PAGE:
“Paramedics were at one time the newest and youngest members of the mortuary service. There was motivation in arriving at the scene of accident. Later, or concurrently, Paramedics were volunteers simply willing to provide health care: really a transportation service to the hospital.

There are many historical accounts from where the contemporary Paramedic originates… most agree there was a military connection. Sometime between or after the Korean and Vietnam wars, military medics returned home and sought employment with their new found skills… and thus were born the Emergency ‘Medics’.

From the sixties through the eighties, there was a great evolution in the practice of paramedics. Often, the intervention was akin to frontier medicine: the newest and best Emergency Room (A&E) intervention was applied out of hospital on patients under the deception of emergency consent. Paramedics were unregulated and the advancement was uneven, incredible and frightening. And then Paramedics were introduced to specialty teams as part of the public safety ‘response’, providing a public and a responder service.

Today, the Paramedic, particularly in Canada has morphed from a tradesperson, the continual apprentice to a professional: accountable, responsible, self-regulating and indispensible to the new health care system and the evolving public safety service.”

This was the opening keynote discussion from Pierre Poirier, Chief of Emergency Management, Ottawa, Ontario, which set the scene for the conference and its focus beyond emergency response.

The conference venue was packed with around 265 delegates, which included Paramedics, Intensive Care Paramedics, Extended Care Paramedics, Defence Medics, students and many others with an interest in Paramedicine.

The keynote and invited speakers provided delegates with information on the latest new research, such as Lars Wik (Norway) discussing the CIRC (Circulation Improving Resuscitation Care) Trial results, which found that when “compared to high quality manual CPR, integrated AutoPulse-CPR resulted in statistically equivalent survival to hospital discharge and no difference in neurologic status, a statistically significant improvement in survival to hospital discharge for patients with a longer duration of CPR, during treatment of adults with out-of-hospital cardiac arrest of suspected cardiac etiology.”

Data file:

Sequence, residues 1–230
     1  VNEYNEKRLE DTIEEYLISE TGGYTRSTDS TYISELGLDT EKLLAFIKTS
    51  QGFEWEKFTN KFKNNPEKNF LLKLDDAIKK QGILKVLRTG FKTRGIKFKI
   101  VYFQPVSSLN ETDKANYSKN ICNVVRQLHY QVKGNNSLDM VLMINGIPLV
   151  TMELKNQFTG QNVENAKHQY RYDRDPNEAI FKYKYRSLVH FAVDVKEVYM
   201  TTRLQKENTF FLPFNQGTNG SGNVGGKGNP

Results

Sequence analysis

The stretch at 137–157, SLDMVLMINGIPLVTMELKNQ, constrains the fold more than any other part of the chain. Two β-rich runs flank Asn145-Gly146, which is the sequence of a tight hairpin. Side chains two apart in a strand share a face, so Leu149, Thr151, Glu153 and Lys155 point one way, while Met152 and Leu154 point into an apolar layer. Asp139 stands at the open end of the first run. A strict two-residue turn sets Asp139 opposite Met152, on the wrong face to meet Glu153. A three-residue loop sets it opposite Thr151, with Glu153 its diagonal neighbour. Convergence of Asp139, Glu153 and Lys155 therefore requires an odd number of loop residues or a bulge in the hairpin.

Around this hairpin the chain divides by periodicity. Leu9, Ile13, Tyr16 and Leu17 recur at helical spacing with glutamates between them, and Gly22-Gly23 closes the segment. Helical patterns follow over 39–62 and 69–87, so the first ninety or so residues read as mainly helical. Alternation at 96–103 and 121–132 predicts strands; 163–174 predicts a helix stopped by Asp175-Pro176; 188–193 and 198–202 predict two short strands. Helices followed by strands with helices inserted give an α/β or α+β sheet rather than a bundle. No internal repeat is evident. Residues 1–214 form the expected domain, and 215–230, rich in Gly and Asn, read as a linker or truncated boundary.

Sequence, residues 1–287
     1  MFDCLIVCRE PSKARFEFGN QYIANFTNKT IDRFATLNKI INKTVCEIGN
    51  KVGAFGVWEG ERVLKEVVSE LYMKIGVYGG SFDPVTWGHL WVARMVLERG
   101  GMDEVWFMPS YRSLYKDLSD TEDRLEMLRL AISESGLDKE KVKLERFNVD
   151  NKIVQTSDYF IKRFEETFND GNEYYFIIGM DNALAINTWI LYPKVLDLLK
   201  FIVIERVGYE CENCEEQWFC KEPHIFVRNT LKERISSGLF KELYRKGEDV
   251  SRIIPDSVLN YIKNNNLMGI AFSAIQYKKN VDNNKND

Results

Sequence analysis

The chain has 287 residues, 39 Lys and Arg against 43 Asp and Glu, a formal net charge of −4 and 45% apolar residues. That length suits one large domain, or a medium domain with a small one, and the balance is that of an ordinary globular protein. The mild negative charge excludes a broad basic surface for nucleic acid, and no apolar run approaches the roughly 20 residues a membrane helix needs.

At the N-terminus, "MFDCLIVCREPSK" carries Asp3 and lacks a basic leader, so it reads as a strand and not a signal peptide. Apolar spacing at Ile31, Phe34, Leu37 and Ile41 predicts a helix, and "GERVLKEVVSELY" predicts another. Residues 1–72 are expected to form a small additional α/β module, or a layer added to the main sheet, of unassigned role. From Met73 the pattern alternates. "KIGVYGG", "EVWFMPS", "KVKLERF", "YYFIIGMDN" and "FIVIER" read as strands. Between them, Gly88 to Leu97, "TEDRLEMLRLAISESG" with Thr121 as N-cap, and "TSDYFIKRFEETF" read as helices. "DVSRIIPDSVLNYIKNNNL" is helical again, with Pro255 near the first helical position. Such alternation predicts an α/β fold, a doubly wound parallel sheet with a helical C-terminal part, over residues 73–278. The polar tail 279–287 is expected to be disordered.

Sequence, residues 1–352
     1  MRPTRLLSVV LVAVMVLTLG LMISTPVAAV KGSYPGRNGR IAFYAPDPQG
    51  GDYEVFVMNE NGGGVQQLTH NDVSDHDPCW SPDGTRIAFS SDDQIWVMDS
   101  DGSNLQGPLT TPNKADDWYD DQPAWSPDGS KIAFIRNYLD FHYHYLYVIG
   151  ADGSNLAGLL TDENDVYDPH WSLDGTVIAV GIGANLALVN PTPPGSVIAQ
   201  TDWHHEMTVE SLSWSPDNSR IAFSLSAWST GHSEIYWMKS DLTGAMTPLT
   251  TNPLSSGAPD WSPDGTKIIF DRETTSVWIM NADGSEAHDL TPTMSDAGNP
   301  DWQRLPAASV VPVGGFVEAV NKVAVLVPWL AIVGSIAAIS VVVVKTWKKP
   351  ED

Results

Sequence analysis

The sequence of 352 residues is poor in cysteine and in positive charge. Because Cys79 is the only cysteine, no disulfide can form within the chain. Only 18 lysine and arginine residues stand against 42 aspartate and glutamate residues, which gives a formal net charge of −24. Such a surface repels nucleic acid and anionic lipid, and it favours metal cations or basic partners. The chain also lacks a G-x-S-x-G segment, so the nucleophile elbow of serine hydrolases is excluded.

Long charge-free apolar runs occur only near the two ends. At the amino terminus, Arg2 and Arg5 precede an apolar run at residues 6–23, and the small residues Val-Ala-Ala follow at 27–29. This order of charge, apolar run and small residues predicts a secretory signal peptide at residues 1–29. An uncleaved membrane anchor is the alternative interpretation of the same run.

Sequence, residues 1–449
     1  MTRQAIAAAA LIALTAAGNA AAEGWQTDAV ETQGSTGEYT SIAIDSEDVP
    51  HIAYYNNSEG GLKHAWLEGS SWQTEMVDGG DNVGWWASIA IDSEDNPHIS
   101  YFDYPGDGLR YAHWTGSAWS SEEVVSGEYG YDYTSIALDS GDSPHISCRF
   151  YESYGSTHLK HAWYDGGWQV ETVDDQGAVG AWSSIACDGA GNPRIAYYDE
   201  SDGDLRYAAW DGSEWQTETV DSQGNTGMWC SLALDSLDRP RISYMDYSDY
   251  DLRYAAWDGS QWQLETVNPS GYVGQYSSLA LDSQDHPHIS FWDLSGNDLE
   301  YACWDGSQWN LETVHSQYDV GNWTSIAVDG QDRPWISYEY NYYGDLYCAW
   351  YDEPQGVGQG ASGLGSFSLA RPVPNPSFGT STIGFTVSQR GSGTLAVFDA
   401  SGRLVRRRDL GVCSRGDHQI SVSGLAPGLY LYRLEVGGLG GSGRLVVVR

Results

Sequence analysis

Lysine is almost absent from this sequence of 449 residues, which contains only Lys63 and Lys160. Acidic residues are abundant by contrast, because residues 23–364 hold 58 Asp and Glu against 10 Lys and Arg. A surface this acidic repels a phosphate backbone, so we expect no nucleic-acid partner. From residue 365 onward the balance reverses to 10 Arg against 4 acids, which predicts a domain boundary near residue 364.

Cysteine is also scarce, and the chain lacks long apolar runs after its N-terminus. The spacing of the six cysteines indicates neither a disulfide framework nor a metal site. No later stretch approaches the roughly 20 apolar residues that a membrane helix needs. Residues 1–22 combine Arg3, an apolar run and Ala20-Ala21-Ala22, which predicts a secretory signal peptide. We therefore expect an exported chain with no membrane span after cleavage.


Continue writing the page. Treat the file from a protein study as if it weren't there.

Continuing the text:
Dr Jeff Ayton provided an enthralling presentation about the Australian Antarctic Division – the amazing challenges faced in providing medical care in Antarctica and the unique medical conditions that can be encountered when working in such an environment.

Aspen Medical took a look at private paramedicine.

Dr Jason Bendall discussed “What being a doctor has taught me about being a paramedic – implications for current and future paramedic practice”;

Dr Tim Wolfe looked at “The advantages of intranasal drug delivery within the pre-hospital environment.”;

Dr Brett Williams considered “can DVD simulations be used to promote empathic behaviours and interprofessional collaboration among undergraduate healthcare students?”;

Gayle McLellan discussed “Victorian paramedics encounters with birthing women: an epidemiology study.”.

Session speakers flowed with inspiration for delegates, with four streams on each day discussing current research and information relevant to topics in education, management, clinical, student, emergent practice and legal/ethics.

The conference dinner was held on the Saturday night at the conclusion of the conference and was a great event. The Royal Australian Navy Band – Tasmania provided entertainment for the night, which had many up dancing and enjoying the night.

Presentations from the Australian Pre-Hospital & Emergency Health Research Forum (APEHRF) were also announced during the dinner ceremony. This year’s award winners were:

  • Rachel Wallen for the APEHRF (David Komesaroff) Best Paper, as well as best paper in the category Higher Degree for her paper on: “Women’s attitudes to 12 lead ECG acquisition in the ambulance setting.”
  • Stuart Howard for the best Undergraduate Student Paramedic Paper for his work on: “Do first year paramedics have preconceived attitudes about patients with specific mental conditions? A four year longitudinal study.”
  • Angela Williams for best poster on the topic: “Are Australian paramedics prepared for intimate partner violence? A pilot study.”